For cancer patients undergoing chemotherapy, the ability to detect whether the treatment is effective for a specific patient is essential to not only their quality of life but their survival. The goal is to ensure that the chemotherapy is actually shrinking their cancerous tumors. But in order to track the progress of chemotherapy using PET, CT or MRI scans, patients will have to undergo several rounds of it, which can cause their bodies to weaken further.
However, a new technique developed by researchers from Brigham and Women’s Hospital (BWH), can now determine the effectiveness of chemo on cancer in just eight hours after treatment has been administered.
It uses a nanoparticle that can deliver the drug, which will emit a green tinge once cancer cells begin to die. This allows doctors to visualize the tumor and determine whether the cancer is resistant to the treatment or whether it is actually making a difference much sooner than any other method currently available.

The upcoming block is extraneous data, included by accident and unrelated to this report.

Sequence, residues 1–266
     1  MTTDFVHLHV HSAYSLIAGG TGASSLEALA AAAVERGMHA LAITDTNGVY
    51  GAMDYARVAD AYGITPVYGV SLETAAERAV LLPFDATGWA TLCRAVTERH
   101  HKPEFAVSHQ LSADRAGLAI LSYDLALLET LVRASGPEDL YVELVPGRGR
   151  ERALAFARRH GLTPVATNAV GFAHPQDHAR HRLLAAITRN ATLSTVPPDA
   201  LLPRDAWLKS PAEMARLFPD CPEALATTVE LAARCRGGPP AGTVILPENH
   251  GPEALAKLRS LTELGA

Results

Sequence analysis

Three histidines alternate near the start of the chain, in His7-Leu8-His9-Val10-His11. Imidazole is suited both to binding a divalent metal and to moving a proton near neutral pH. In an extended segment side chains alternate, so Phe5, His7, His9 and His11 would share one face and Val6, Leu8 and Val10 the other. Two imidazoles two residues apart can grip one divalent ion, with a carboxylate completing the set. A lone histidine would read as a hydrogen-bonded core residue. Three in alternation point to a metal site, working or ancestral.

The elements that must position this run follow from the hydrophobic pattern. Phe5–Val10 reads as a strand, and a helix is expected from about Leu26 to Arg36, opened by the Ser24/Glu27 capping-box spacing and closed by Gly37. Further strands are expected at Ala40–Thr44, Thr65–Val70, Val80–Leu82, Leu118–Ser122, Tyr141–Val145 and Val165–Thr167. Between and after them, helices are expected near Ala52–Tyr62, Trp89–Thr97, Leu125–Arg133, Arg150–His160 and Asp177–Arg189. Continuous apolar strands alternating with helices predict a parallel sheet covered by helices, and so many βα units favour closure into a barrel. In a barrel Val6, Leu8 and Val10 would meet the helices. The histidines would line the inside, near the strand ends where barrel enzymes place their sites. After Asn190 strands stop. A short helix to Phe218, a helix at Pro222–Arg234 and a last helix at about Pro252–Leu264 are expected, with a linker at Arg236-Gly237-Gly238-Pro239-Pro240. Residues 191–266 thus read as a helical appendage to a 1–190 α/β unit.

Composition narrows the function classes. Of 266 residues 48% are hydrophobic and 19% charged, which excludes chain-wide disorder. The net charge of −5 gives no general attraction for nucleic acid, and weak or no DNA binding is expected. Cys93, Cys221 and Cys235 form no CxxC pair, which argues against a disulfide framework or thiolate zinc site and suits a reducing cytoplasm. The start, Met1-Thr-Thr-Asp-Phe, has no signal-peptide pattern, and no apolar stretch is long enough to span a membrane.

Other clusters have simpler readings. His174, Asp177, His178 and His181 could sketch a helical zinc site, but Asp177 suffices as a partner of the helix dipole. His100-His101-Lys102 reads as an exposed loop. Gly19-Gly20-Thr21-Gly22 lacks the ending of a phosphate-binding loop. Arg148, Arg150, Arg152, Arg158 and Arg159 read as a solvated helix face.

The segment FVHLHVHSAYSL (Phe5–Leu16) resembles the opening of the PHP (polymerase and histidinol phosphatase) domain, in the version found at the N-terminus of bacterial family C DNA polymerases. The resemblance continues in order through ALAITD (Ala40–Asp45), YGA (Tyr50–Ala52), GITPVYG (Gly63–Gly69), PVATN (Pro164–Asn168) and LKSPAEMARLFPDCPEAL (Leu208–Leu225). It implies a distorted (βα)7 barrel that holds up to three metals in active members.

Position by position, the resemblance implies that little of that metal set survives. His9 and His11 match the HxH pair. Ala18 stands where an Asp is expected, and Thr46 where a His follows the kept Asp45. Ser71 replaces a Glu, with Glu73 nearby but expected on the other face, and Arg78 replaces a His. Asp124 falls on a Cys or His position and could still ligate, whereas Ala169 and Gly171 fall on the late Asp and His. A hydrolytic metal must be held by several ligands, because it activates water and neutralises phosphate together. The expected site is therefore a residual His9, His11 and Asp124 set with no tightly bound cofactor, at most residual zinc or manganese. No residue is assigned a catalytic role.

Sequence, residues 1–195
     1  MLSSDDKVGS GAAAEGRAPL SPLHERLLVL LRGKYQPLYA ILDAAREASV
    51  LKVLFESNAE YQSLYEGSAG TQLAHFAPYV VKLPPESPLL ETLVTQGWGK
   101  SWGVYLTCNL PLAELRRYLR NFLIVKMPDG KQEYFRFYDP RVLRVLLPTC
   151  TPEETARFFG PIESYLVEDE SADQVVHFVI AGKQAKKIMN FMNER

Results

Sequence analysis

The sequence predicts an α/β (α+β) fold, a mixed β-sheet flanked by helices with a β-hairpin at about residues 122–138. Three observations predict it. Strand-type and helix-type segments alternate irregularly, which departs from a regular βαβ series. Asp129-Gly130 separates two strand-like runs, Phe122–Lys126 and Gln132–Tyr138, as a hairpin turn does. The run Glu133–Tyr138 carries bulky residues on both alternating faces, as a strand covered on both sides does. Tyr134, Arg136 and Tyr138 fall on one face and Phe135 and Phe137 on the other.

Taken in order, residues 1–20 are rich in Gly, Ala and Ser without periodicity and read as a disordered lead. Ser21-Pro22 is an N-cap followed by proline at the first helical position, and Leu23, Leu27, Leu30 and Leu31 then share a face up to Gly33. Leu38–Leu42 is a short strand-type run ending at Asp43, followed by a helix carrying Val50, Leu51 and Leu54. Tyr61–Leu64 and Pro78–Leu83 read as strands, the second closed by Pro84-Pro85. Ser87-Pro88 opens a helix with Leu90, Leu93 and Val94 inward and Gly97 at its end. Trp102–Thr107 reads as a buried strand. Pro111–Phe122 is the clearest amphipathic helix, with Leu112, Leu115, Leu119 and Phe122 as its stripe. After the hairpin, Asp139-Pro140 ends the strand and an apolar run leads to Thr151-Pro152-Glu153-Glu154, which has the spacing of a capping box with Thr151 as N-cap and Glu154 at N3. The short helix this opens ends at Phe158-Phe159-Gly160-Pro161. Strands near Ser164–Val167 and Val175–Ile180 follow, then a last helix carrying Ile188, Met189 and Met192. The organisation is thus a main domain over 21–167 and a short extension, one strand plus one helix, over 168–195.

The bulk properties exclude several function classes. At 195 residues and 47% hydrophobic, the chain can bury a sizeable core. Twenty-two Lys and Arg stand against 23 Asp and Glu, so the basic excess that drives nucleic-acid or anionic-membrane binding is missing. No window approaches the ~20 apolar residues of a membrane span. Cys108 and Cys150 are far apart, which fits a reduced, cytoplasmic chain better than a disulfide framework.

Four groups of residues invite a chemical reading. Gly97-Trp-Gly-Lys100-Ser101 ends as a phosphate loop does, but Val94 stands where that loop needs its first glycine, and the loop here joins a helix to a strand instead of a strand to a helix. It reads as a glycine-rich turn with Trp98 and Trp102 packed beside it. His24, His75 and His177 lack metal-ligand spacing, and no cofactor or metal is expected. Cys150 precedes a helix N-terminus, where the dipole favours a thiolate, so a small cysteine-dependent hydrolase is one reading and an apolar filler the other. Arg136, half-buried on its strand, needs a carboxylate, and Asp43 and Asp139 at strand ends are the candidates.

“Using this approach, the cells light up the moment a cancer drug starts working. We can determine if a cancer therapy is effective within hours of treatment,” said Shiladitya Sengupta, PhD, a principal investigator in BWH’s Division of Bioengineering and a co-corresponding author on the paper.
It basically takes advantage of an enzyme called caspase that is released when cells die. Once caspase is activated, nanoparticles designed by researchers report how well the treatment is working by emitting a green glow. This now gives doctors an accurate read on whether the cancer treatment is actually killing the cancer cells.
With the success of their pre-clinical model, the researchers are now looking to design radiotracers that can be safely used on humans. The ultimate goal of the research is to provide real-time feedback and analysis of the effectiveness of different cancer treatments.
And that can only improve the long-term outlook for patients.